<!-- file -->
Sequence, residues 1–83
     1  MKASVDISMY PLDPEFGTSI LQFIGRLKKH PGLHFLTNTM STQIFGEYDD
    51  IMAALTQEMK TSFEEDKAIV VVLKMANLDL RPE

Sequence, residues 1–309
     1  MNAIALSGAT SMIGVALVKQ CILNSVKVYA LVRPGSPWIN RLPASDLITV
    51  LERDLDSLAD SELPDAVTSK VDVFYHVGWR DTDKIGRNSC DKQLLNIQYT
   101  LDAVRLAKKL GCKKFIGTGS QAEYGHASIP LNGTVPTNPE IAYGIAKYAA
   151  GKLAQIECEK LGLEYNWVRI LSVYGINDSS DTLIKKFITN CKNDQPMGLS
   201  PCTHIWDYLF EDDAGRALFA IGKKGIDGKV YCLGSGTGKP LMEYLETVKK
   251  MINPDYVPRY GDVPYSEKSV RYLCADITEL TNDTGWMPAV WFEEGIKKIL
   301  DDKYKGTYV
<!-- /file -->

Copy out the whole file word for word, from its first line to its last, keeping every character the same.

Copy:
Sequence, residues 1–83
     1  MKASVDISMY PLDPEFGTSI LQFIGRLKKH PGLHFLTNTM STQIFGEYDD
    51  IMAALTQEMK TSFEEDKAIV VVLKMANLDL RPE

Sequence, residues 1–309
     1  MNAIALSGAT SMIGVALVKQ CILNSVKVYA LVRPGSPWIN RLPASDLITV
    51  LERDLDSLAD SELPDAVTSK VDVFYHVGWR DTDKIGRNSC DKQLLNIQYT
   101  LDAVRLAKKL GCKKFIGTGS QAEYGHASIP LNGTVPTNPE IAYGIAKYAA
   151  GKLAQIECEK LGLEYNWVRI LSVYGINDSS DTLIKKFITN CKNDQPMGLS
   201  PCTHIWDYLF EDDAGRALFA IGKKGIDGKV YCLGSGTGKP LMEYLETVKK
   251  MINPDYVPRY GDVPYSEKSV RYLCADITEL TNDTGWMPAV WFEEGIKKIL
   301  DDKYKGTYV